‘Mutant’ head lice study funded by companies that treat head lice

Mother checking childs head for lice with a comb
Mother checking childs head for lice with a comb

A study gained wide attention this week for its claim that super-resistant, mutant head lice are infesting half the country.

Head Lice in 25 States Are Now Resistant to Treatment,’’ read TIME’s headline.

‘Super lice’ makes an appearance in GA, SC and NC,’’ said a Fox affiliate.

What most news outlets didn’t report, however, was that the study was partially funded by pharmaceutical companies that make expensive, prescription-only head lice remedies.

The “mutant’’ narrative reached such a fever pitch this week that a Dallas station reported a possible link between head lice and selfies. CNN was the rare news agency that reported the pharmaceutical company funding for the study.


What sparked the head-lice headline epidemic was a talk by Drs. John Clark of the University of Massachusetts Amherst and Kyong Yoon of Southern University of Illinois at Edwardsville, who came to Boston Tuesday to present their findings on the state of American lice.

They said their study has determined that lice in at least 25 states have developed resistance to over-the-counter treatments and recommended that patients seek out prescription treatments, which can range in cost from $100 to more than $350.

“There is recourse by means of prescription drugs,’’ Yoon told U.S. News & World Report,another outlet that didn’t note the pharma funding. “Just go to your doctor before you go to your drug store.’’

One prescription lice treatment is Sklice, produced by Sanofi Pasteur—one of the pharmaceutical companies that partially funded Clark and Yoon’s research. Clark told Boston.com the research was also funded in part by Topaz pharmaceuticals, which Sanofi Pasteur bought in 2012 after the FDA approved Sklice.

The study’s initial research, conducted in the late 1990s and early 2000s, was funded by the National Institutes of Health. Sanofi Pasteur recently contributed an additional $180,000 of the $3-million total research cost, Clark said.

He denied any conflict of interest.


“We’ve received three different NIH grants,’’ he said. “The general feeling about the work is not that it’s been tainted because we’ve taken money from pharmaceutical companies.’’

A prescription for Sklice can cost around $300. (According to the American Academy of Pediatrics, meanwhile, one of the most effective treatments against lice is a comb.)

Clark told Boston.com that using $20 over-the-counter shampoos can ultimately cost as much as prescription shampoos since the less-expensive treatments may require repeat uses.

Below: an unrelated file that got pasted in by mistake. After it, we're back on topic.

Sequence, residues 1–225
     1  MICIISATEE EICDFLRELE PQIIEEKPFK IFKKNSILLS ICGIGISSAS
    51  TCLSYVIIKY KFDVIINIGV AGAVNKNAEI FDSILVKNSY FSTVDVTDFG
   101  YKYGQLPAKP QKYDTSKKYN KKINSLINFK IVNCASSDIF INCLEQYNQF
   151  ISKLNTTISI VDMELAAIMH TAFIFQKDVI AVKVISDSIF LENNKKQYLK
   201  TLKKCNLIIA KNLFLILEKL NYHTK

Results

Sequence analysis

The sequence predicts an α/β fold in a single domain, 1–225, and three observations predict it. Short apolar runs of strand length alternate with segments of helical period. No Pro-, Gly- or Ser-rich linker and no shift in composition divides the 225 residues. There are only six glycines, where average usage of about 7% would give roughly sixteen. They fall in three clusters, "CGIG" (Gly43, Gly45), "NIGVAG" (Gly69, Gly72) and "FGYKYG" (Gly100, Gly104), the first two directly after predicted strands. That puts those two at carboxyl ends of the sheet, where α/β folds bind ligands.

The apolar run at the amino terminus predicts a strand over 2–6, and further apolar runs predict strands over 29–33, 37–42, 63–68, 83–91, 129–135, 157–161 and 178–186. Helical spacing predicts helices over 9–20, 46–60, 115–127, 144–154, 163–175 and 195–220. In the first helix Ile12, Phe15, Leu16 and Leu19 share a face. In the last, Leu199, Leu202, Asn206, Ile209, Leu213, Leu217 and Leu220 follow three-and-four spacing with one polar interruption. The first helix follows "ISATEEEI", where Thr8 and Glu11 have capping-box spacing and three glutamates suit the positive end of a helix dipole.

He said that none of the medical professionals with whom he has spoken believe it is “worth your time or energy to buy the over-the-counter products — they would say it’s not working.’’

Over-the-counter products for controlling head lice. —AP Photo/J. David Ake

The lice study was published in the peer-reviewed Journal of Medical Entomology before Clark and Yoon presented it at Boston’s American Chemical Society meeting.

It is also not unusual for phamaceutical companies to pay for research, but such funding can raise questions about the independence of a study’s findings. Dr. Jeffrey Drazen, editor-in-chief of The New England Journal of Medicine, recently wrote an editorial on how funding sources can affect biases in research.

Drazen said the most crucial question is not who is paying for the study, but whether or not bias is present in the study itself. But he takes issue with Clark and Yoon advising patients on what type of treatment to seek.

“We think people should look at the data and ought to be able to decide for themselves,’’ he said.

Dr. Richard Pollack, a public health entomologist at the Harvard School of Public Health, doesn’t think the research supports the researchers’ suggestions that over-the-counter treatments are ineffective.


“Where is the basis for those statements? Have they gone out and conducted a poll to see what physicians would recommend?’’ he said. “I kind of doubt it.’’

Pollack, who has conducted research on the overdiagnosis of head lice, said few children treated for head lice with over-the-counter products actually have head lice. Their parents are just misdiagnosing them, he said.

“Some folks would interpret the recent findings to mean that all hope is lost for treating with the OTC products,’’ he said in an email. “I’m not so confident of that line of thinking.’’

(Correction: An earlier version of this article erroneously stated that the study was not peer-reviewed before it was presented. In fact, it was peer-reviewed and published in the Journal of Medical Entomology.)

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